French Gruyere cheese has been granted protected geographical indication (PGI) status by the European Commission (EC), after Swiss and French officials met to discuss measures to avoid misleading consumers.
PGI covers agricultural products that are closely linked to a geographical area. At least one of the stages of production, processing or preparation must take place in the specified area to quality for the status.
France applied to the EC to register the name ‘Gruyere’ as a PGI in November 2010. In the application, French Gruyere was described as a cow's milk cheese with a fat content of between 47% and 52% and “holes ranging in size from that of a pea to a cherry.”
This PGI is the second to be granted to Gruyere cheese.
Swiss-made Gruyere cheese was given PGI protection through a bilateral agreement with the European Union (EU), despite not being an EU Member State.
Objections to the French application were submitted by authorities in Australia and New Zealand, and by the US Dairy Exports Council (USDEC) and the US National Milk Producers Federation (NMPF).
The EC rebuffed the objections, advising that Gruyere from France be entered into the Register of Protected Designation of Origin and Protected Geographical Indications.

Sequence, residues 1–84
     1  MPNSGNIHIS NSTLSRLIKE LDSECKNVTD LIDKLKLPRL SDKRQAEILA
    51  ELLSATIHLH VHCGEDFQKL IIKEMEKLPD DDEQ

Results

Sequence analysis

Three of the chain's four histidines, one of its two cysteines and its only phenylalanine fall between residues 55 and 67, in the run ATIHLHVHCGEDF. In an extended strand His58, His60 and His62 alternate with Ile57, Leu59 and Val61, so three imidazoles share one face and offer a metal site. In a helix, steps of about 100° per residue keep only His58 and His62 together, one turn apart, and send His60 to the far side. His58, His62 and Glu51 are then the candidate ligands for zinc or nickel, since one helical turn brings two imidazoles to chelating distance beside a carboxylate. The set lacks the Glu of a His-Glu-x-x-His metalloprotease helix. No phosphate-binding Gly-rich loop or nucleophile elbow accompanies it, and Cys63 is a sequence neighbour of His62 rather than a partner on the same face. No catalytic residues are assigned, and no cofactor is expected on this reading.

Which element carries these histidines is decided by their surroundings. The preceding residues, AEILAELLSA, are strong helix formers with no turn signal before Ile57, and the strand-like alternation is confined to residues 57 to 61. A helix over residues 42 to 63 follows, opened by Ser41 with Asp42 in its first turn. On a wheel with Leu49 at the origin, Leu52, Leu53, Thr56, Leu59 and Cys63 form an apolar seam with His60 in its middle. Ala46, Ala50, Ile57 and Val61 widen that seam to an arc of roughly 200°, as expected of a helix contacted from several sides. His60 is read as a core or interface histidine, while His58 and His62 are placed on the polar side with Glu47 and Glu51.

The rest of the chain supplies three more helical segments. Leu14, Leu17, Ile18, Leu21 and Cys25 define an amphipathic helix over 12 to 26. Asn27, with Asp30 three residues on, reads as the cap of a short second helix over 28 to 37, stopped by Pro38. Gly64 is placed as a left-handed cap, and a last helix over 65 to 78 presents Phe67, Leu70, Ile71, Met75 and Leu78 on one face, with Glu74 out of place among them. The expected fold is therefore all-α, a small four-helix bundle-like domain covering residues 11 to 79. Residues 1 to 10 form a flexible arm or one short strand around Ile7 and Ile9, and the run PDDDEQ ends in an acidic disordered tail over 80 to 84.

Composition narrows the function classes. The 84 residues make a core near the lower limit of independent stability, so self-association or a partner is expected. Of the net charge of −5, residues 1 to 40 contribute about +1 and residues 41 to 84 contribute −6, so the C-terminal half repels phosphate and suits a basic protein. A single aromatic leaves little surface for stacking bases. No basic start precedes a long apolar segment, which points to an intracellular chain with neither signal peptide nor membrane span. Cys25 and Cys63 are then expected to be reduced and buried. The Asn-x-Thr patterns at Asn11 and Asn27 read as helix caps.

Indicate country of origin
“PDO/PGI committee voted in favour of registering the French cheese ‘Gruyere’ as a protected geographical indication under Regulation 510/2006 on the protection of geographical indications and designations of origin for agricultural products and foodstuffs,” said a statement from the EC.
“This name will not co-exist with ‘Gruyere’ (Switzerland) protected via the EU-Switzerland GI agreement. This agreement already gives EU producers a five-year transition period during which they can continue to use ‘Gruyere’.”
“The draft regulation concerning the registration will now be adopted by the Commission in the weeks to come, and then be published in the Official Journal,” the EC statement added.
The application was approved following discussions between Swiss and French representatives.
“As a result of these consultations it appeared necessary to indicate the country of origin, in this case France, on the label in the same field of vision as the name ‘Gruyere’, in letters of the same size as those of the name,” said a document outlining the EC ruling.
“In addition, the use of any flags, emblems, signs or other graphic representations on the labels should be prohibited if it might mislead consumers, in particular as regards the characteristics, origin or provenance of the products,” it added.
A number of objections were submitted concerned non-compliance with Article 2 of Regulation (EC) No 510/2006 – particularly in regards to the fact the word ‘Gruyere’ does not refer to a geographical area of France.
The objectors also claimed that registration of the name ‘Gruyere’ would be contrary to Article 3(3) of the regulation.
Article 3(3) states that a “name wholly or partially homonymous with that of a name already registered under this Regulation shall be registered with due regard for local and traditional usage and the actual risk of confusion.”